10 alleged Minneapolis gang members face federal violent crime crackdown

10 alleged Minneapolis gang members face federal violent crime crackdown

MINNEAPOLIS (AP) — Ten alleged Minneapolis gang members accused of “terrorizing” a city neighborhood have been charged with a range of federal crimes, including possession of a machine gun and drug trafficking, law enforcement officials announced Tuesday.

The charges are the latest move in an ongoing federal initiative that began two years ago to crack down on violent crime in Minnesota, U.S. Attorney Andy Luger told reporters.

“Our federal resources are focused on holding accountable those who threaten the safety of our communities,” Luger said. “My message to the community: We are working for you, your families and your children to ensure that violent crime continues to decline. and we can all enjoy our beautiful cities this summer.”

Many of the cases prosecutors brought under the initiative involved the prosecution of gang members in north and south Minneapolis. Before Tuesday, federal prosecutors had already charged more than 70 alleged gang members, Luger said.

Last year, authorities set their sights on three gangs in Minneapolis. The first round of indictments was announced in May 2023, when federal authorities said 45 people were charged with crimes, including seven murders, drug trafficking and firearms violations. Then, in August of that year, 14 other alleged Minneapolis gang members were indicted.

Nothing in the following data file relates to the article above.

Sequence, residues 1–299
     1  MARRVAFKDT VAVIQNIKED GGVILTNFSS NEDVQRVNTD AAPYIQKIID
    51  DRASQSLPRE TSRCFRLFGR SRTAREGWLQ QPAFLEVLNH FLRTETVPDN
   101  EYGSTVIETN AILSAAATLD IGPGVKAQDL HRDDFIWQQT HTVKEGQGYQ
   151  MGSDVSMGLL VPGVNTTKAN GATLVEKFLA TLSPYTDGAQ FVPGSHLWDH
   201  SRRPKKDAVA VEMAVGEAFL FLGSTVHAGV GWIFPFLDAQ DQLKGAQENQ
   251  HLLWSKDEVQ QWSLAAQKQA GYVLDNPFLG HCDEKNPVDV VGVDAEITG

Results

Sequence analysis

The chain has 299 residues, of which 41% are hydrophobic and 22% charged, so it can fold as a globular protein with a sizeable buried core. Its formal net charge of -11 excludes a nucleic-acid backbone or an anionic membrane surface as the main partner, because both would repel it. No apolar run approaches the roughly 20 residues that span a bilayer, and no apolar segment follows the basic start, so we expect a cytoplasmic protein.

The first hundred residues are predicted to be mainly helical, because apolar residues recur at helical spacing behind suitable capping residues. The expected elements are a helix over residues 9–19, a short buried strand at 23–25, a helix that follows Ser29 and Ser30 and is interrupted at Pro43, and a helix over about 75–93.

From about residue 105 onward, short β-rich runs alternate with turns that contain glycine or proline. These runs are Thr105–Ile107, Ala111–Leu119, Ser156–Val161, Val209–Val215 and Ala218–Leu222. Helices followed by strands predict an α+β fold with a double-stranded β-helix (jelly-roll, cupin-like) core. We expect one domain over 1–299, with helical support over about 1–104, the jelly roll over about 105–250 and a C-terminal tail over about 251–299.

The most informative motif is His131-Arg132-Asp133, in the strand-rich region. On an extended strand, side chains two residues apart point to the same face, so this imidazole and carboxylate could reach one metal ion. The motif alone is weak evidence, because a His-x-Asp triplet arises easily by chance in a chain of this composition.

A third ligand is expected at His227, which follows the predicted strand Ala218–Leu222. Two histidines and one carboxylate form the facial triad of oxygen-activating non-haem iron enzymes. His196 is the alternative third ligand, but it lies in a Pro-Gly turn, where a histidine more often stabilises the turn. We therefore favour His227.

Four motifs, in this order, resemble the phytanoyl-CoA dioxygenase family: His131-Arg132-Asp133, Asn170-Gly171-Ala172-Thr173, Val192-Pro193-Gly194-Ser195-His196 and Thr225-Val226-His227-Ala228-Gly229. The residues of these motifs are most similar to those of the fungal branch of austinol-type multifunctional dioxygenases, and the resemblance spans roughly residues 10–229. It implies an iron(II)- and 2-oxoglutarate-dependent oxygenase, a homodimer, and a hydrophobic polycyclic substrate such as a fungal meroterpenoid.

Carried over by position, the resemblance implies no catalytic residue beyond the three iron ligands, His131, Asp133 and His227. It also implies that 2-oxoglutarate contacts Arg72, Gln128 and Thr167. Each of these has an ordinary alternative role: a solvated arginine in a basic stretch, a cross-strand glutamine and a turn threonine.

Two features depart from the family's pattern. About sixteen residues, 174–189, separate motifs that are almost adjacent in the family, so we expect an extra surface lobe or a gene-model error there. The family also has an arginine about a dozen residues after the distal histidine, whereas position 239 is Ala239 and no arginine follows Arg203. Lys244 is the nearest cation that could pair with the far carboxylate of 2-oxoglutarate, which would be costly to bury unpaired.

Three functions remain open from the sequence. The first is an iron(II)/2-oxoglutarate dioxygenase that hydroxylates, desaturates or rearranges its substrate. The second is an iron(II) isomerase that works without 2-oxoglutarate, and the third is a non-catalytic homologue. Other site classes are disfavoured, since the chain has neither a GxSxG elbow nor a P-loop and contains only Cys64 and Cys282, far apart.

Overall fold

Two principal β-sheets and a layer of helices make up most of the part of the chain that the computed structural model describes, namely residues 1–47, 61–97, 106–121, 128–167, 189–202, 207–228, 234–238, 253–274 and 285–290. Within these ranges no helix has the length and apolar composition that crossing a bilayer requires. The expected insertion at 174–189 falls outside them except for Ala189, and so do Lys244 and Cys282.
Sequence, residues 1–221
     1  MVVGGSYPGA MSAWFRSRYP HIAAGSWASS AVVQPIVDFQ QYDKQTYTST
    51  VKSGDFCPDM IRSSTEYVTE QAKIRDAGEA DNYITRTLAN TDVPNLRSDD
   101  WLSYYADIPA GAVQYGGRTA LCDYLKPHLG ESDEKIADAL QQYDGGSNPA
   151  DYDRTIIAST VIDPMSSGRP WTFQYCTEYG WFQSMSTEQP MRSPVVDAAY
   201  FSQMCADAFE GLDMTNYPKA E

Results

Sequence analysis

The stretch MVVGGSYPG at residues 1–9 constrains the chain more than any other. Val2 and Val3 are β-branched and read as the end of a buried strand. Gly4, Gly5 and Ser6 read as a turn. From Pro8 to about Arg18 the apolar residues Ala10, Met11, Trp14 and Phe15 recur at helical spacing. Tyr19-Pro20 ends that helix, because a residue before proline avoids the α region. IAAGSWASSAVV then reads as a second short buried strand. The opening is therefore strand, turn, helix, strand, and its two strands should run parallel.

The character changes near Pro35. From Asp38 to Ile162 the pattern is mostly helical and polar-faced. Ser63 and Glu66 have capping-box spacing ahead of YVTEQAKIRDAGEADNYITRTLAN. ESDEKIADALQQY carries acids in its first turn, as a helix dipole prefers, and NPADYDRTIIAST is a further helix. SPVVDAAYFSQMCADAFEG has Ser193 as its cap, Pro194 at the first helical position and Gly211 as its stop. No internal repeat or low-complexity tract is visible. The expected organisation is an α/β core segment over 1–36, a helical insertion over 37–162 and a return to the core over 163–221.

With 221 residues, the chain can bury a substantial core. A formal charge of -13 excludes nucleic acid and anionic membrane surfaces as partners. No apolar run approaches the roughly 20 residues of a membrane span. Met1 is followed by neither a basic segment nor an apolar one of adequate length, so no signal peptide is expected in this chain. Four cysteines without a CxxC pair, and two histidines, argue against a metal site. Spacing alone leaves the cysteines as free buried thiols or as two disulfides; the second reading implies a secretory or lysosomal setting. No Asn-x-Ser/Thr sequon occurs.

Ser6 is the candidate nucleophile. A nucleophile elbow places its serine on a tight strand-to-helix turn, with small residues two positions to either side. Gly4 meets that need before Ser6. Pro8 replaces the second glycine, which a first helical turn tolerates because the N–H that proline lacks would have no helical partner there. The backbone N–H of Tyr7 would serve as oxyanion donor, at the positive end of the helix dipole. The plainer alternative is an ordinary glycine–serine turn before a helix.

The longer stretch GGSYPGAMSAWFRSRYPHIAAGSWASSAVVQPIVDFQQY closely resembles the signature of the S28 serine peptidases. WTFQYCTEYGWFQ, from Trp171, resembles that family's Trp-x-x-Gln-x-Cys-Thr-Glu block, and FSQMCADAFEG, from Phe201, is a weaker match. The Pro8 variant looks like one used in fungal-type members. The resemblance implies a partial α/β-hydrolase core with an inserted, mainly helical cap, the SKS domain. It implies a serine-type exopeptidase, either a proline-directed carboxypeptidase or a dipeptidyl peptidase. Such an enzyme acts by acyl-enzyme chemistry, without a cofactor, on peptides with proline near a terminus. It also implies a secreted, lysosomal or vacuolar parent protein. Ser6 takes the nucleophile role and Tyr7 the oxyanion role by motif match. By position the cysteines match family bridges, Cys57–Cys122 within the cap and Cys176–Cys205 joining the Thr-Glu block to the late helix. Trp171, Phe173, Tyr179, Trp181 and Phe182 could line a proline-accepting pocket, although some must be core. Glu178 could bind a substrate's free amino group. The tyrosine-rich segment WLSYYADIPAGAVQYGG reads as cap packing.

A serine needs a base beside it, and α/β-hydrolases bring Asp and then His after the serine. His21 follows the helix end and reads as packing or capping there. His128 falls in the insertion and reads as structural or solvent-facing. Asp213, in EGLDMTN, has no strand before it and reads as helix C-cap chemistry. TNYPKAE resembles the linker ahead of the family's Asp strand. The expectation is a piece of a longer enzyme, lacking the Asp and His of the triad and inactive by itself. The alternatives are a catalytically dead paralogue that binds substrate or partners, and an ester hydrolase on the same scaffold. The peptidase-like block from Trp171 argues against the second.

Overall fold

Tuesday’s charges involved a fourth gang. Minneapolis Police Chief Brian O’Hara said his department’s weapons investigation unit and the FBI heard gang members were trying to re-emerge in a south Minneapolis neighborhood after a hiatus. Authorities began an investigation last fall.

“Much of the violence they perpetrate on our residents can be directly attributed to the distribution of fentanyl and other dangerous narcotics, the illegal possession of firearms and generally terrorizing our community,” O’Hara said.

Investigators executed search warrants and recovered cash, crack cocaine, methamphetamine, fentanyl and 13 illegal weapons, O’Hara said.

The charges were brought ahead of the summer months, when violent crime often spikes, to ensure gangs could not re-emerge, Luger said. Investigators believe the gang is local and not connected to a national criminal enterprise.

Nationally, violent crime fell 15 percent in the first three months of 2024 compared to a year earlier, according to FBI data released this month. This reflects a continued downward trend since the rise of the coronavirus pandemic. But at least one expert cautioned that the FBI data drops are preliminary and likely overstated.

In Minneapolis, O’Hara said there has been a drop in violent crime in some areas, but not in others. Efforts to reduce violent crime have been hampered by understaffing and the proliferation of illegal drugs and weapons, he added.

“Today, we’re here to say enough is enough,” O’Hara said.